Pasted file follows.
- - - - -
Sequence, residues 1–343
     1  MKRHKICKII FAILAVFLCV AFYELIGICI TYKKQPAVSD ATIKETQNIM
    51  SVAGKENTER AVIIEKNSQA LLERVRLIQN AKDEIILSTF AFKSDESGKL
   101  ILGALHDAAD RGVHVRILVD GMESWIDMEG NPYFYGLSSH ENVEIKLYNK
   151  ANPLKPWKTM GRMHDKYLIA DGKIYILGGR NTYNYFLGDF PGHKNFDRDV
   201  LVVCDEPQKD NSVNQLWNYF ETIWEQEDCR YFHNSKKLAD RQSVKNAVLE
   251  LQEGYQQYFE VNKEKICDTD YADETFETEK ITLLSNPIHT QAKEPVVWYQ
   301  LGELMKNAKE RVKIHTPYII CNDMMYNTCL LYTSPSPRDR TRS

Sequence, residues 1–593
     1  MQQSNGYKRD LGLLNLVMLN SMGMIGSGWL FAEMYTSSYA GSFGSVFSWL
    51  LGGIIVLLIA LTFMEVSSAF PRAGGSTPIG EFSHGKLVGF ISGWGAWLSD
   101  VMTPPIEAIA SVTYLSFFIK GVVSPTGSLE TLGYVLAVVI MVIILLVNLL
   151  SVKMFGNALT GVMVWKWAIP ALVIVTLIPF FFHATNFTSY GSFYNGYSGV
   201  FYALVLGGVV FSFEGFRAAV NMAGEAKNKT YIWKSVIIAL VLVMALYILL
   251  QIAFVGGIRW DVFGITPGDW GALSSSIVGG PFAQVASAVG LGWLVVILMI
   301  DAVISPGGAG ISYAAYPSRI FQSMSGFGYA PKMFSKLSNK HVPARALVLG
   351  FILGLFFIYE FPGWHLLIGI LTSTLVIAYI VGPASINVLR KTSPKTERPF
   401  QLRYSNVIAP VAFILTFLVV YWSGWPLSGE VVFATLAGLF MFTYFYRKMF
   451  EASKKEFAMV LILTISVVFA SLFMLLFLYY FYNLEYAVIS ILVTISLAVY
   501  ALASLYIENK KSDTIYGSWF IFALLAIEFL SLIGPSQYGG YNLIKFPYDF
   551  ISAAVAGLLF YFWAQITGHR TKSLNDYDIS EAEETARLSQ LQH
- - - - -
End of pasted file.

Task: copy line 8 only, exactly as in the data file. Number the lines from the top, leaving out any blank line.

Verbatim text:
   301  LGELMKNAKE RVKIHTPYII CNDMMYNTCL LYTSPSPRDR TRS